The Part II: Expenses section of the Schedule C Form is the relatively “fun” bit as you’ll be listing out all of the claimable expenses you are making for this year so you can deduct this from your taxable income.
For an overview of what the Schedule C Form is for, please see our blog post Schedule C: An Instruction Guide.
You’ll want to make sure that you aren’t claiming any material costs here as they should be included in Part III (Cost of Goods Sold) below. For more information about why it’s important to make this distinction you’ll want to read our blog post here: Why claiming materials as expenses is a really bad idea for a craft business »
This is any form of advertising you have paid for directly linked to your business. Keep in mind that this can also include any free products you have given to bloggers for reviews. Etsy Listing Fees can also be categorised as advertising if you wish (the only rule here is to make sure you don’t account for these also under Commissions and Fees below)
8: Car & Truck expenses
You can deduct the expenses of running your vehicles if they are essential to the running of your business. You have two ways of accounting for this expense: actual and standard mileage. If you have less than 5 vehicles, and haven’t claimed in a past year using the actual method then you can use standard mileage calculations. If you have been logging your expenses in Craftybase, then you will be able to use the actual method here.
80: Commissions and fees
This is for any money you paid to other businesses or individuals for services.
This can be fees paid for market stalls, commission paid for items you have sent out on consignment and any fees payable for online marketplaces like Etsy.
80: Contract Labor
If you hire people to help in the running of your business, you’ll need to account for this expense here.
Depreciation is required for business assets with a useful life more than a year. There is no minimum guideline on how valuable the asset needs to be before you should try to claim using this method, however a good rule of thumb is that assets below $100 in value are better expensed in supplies rather than depreciated.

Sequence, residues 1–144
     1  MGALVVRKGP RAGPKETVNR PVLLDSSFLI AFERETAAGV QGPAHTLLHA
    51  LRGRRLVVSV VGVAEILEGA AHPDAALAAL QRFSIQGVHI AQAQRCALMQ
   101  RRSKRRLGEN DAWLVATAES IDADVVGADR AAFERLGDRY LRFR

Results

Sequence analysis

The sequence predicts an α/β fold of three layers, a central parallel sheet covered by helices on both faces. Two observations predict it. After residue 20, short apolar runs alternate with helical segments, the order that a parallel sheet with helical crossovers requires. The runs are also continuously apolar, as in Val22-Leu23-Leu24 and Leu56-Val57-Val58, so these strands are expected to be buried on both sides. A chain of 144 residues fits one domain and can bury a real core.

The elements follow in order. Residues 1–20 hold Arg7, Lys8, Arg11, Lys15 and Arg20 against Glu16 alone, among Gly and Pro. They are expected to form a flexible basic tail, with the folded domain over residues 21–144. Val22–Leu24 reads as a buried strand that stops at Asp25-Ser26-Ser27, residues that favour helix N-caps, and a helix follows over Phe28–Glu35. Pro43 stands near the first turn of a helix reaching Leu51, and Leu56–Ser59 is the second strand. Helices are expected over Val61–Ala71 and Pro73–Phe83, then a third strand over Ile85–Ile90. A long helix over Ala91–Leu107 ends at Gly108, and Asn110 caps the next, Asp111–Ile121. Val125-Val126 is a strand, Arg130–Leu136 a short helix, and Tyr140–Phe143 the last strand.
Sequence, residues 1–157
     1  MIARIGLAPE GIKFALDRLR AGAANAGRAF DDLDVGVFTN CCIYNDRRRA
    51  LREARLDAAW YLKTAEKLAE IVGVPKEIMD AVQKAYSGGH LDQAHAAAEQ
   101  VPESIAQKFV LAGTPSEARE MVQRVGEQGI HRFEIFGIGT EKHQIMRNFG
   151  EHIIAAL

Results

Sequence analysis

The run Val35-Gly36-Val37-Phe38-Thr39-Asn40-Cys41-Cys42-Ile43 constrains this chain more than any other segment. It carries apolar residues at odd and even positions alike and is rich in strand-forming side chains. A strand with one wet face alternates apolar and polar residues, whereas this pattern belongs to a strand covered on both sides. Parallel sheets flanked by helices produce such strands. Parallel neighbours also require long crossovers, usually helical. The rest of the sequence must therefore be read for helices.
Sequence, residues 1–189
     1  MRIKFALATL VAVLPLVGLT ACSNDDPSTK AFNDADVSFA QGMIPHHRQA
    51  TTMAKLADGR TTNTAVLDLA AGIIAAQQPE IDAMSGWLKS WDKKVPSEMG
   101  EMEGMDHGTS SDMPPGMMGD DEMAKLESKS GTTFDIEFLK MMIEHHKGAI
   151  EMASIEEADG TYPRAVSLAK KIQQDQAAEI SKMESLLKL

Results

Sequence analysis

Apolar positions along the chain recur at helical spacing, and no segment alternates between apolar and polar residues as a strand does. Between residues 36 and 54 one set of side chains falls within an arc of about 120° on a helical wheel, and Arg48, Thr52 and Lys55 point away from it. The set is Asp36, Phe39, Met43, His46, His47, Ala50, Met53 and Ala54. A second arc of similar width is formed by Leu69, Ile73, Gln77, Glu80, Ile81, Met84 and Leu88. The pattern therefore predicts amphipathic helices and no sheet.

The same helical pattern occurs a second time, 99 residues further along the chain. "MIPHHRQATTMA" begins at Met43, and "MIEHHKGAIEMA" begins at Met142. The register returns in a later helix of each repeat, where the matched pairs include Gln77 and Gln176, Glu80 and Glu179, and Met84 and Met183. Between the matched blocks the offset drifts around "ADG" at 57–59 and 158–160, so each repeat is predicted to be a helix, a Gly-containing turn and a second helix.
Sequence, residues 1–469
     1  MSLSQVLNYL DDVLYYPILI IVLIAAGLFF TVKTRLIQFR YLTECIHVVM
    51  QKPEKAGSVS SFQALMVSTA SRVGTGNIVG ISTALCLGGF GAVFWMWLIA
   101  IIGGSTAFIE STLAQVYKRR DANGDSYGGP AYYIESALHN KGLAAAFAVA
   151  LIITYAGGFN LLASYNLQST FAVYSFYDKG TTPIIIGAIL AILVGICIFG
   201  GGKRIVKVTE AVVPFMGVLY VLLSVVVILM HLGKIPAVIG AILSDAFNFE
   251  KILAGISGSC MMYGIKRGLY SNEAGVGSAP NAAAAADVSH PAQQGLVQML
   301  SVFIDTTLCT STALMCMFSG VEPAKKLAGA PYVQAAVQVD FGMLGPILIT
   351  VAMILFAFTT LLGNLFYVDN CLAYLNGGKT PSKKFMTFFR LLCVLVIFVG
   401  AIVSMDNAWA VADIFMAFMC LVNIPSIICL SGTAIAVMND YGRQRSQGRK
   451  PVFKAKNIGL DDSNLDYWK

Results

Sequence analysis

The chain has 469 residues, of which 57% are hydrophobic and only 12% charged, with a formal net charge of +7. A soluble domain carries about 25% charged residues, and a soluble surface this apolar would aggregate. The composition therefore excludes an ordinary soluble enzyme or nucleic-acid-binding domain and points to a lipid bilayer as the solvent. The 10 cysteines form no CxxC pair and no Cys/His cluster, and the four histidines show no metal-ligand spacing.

87: Legal and professional services
This can include the costs of your accountants, tax preparers or any legal service.
87: Office expenses
The postage costs you incur in sending out your orders should be included here. Also stationery and supplies for running your office (e.g. printers, ink, tape, stapler, pens). Anything that is likely to be not be completely used up within a year should be included here.
81: Repairs and Maintenance
Any repairs on equipment you use in the running of your business should be put here (e.g. repairs to your sewing machine).
82: Supplies (not included in Part III)
This should include any supplies you have on hand that you a) expect to use up completely within the year and b) are not directly used to produce your finished products.
These items will not be included as part of your Cost of Goods Sold as this should only include materials you directly use in your products. Shipping labels, paper, bubble wrap and other packaging materials should be included here.
Also, any material that you do use in the production of your products that is difficult to inventory accurately can also be included here. Examples are and glue and thread: measuring exact amounts used of both of these materials is impractical in most cases and thus can be included here.
83: Taxes and licenses
Any sales tax you pay at a state level, along with any licences you need to pay in order to run your business should be included.
Examples of expenses that can be claimed as part of this section include:
- Business licenses
- Estimated taxes
- Federal tax
- Sales tax
- State tax
- Property tax
- Trademarks and logo fees
- Software licensing and renewal fees
- DBA/Fictitious Business Name one-time filing fee
- Incorporation fees
- Business name search fees
- Copyright application and registration
- Domain name search fees
- Fees to draft, acquire or cancel a lease
84: Travel, meals and entertainment
Different allowances for travel exist for certain circumstances, so it is best to check with your financial adviser first before logging and claiming these types of expenses. Generally you need to make sure that any travel / meals you are claiming here is wholly for the purpose of running your business. Delivering a cake to a client would be an example of travel for business purposes, as would a trip to purchase supplies. Claiming travel for a family vacation to Florida as you also purchased some supplies while you were there should not be claimed.
Internet and telephone bills can be included here, if they are wholly for the running of your business.
87a: Other expenses
These can include any expenses not covered in any of the other expense categories above.
Software you use to run your business can also be included here: Craftybase is business software and thus can be claimed in this allowance section.
If you haven’t included any of your online sales channel fees (PayPal / Etsy etc.) in the Commissions and fees category, then you can include them here instead.
Awesome! Now that you have completed Part II: Expenses, move along to our next Schedule C blog post: Schedule C Guide - Part III: Cost of Goods Sold »
If you need a recap of Part I: Income, you’ll find our handy guide here: Schedule C Guide - Part I: Income »